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Welcome new attention to Global Warming  

| By Nicholas P. Chopey

In families, organizations or nations, it can happen that when leaders at the top do not lead, those supposedly led take things into their own hands. That seems like an adequate, if imprecise, summary of how the largely regional, state-level and corporate response to global warming has recently been shaping up in the U.S. The details of facing up to CO2 and other greenhouse gases are spelled out in the news roundup article, “Global Warming: On the Front Burner,” that begins on p. 19. That article triggers several observations and reflections.

In the first place, while cutting CO2 emissions is basically synonymous with burning less fuel, the article shows that more-imaginative chemical engineering helps do the trick, too. Consider the partnering between Shell Canada and Dow Chemical involving the energy-saving use of a waste hydrogen stream, and BASF’s lessened CO2 emissions thanks to a high-yield acrylic acid catalyst. As article author (and former CE Managing Editor) Suzanne Shelley puts it, the possibilities are limited only by the imagination of the engineering community. Even in instances where lowering CO2 emissions is not the primary goal, it is surely a most welcome fringe benefit.

Also notable is how the industrial community’s acceptance of a link between CO2 and global warming has grown and spread. A handful of years ago, a scant few chemical-process companies, such as BP and Air Products & Chemicals, stood out for their acknowledgement of that hypothesis. But with every year that goes by, full-fledged naysayers become harder and harder to find.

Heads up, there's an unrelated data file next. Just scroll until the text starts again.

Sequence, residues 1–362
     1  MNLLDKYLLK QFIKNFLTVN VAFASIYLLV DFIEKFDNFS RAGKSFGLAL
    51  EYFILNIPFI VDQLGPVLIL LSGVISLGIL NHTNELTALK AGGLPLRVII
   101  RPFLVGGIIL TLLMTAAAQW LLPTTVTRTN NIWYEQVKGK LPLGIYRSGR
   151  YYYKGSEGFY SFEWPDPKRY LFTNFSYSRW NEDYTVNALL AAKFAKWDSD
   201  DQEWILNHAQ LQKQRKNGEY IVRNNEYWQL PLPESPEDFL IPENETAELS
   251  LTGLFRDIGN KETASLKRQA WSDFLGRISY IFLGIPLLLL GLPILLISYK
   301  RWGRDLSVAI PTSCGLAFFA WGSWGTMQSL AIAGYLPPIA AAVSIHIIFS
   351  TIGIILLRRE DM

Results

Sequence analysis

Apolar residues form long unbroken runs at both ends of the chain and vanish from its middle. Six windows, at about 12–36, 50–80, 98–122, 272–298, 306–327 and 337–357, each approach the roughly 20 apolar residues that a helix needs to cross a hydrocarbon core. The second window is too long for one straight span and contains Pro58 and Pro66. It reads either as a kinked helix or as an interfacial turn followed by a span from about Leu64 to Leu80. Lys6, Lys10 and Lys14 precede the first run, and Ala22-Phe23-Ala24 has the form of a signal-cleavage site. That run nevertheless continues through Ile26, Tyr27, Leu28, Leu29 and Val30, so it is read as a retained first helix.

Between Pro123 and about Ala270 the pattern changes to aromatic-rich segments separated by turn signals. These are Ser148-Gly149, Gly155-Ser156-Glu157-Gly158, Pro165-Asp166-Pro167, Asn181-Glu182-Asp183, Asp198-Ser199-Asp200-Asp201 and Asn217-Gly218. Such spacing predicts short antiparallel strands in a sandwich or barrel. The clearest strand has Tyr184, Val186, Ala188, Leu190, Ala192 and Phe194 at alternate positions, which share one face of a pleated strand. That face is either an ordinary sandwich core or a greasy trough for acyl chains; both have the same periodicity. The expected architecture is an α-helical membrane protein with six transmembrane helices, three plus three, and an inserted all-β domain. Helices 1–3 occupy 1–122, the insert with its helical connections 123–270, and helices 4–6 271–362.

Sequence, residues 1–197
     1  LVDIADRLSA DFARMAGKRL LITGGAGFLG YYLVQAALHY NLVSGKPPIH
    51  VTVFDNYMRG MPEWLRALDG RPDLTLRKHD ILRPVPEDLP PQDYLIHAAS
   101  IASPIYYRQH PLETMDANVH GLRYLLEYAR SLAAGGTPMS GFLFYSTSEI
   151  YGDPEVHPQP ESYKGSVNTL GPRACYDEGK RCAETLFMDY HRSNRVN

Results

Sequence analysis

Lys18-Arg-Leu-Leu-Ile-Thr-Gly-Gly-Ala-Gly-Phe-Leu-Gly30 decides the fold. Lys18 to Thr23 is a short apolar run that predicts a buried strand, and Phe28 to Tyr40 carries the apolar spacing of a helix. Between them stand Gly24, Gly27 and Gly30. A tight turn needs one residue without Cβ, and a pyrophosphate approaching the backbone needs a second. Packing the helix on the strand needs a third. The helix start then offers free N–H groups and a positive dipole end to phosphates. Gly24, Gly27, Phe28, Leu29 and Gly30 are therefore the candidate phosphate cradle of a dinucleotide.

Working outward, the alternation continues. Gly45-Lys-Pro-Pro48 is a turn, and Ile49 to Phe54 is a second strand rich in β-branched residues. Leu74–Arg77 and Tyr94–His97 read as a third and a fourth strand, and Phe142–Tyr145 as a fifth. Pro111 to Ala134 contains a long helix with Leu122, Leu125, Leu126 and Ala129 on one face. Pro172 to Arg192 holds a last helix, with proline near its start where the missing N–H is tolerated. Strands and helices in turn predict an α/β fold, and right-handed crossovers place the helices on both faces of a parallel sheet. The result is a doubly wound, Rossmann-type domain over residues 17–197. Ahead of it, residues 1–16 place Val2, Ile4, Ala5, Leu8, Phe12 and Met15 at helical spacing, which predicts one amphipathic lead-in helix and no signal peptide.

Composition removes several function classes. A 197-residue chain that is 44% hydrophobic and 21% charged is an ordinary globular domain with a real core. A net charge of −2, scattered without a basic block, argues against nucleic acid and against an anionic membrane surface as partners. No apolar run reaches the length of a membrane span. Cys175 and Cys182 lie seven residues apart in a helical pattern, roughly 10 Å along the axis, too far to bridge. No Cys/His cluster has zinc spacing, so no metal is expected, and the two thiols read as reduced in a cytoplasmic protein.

Meanwhile, the absence of federal greenhouse-gas standards, and President Bush’s refusal to sign the Kyoto Protocol, do not mean that his Executive Branch of the U.S. government is monolithically opposed to CO2-abatement measures; quite the contrary. For example, the article points out the activities of the Dept. of Energy and the Environmental Protection Agency in documenting the greenhouse-gas problem and/or helping companies to set goals for CO2 reduction.

The main concern with greenhouse-gas emissions focuses on climate change; but meanwhile, the weather is surely not being overlooked. The idea that global warming makes the weather less stable has been pointed out by more than one scientist. And extreme-weather events that used to come once every 30 years are now becoming once-every-five-year events, notes Patrick Zimmerman, director of the Institute of Atmospheric Sciences at the South Dakota School of Mines and Technology. With New Orleans’ devastating Hurricane Katrina still fresh in their minds, government planners at all levels are less likely than ever to give short shrift to global warming.

Finally, here is a line of thought, expressed on this page before, that seems more obvious than ever, especially for that great majority of us who do not live in major oil-producing nations. Given today’s fuel prices and geopolitical question marks, even people with diehard skepticism about a link between CO2 and global warming cannot sensibly oppose today’s mainstream measures against CO2 emissions, because those actions are generally synonymous with energy conservation. If you don’t think that CO2 emissions cause global warming, at least recognize that they tend to be a measure of (often unnecessarily high) petroleum and natural gas consumption.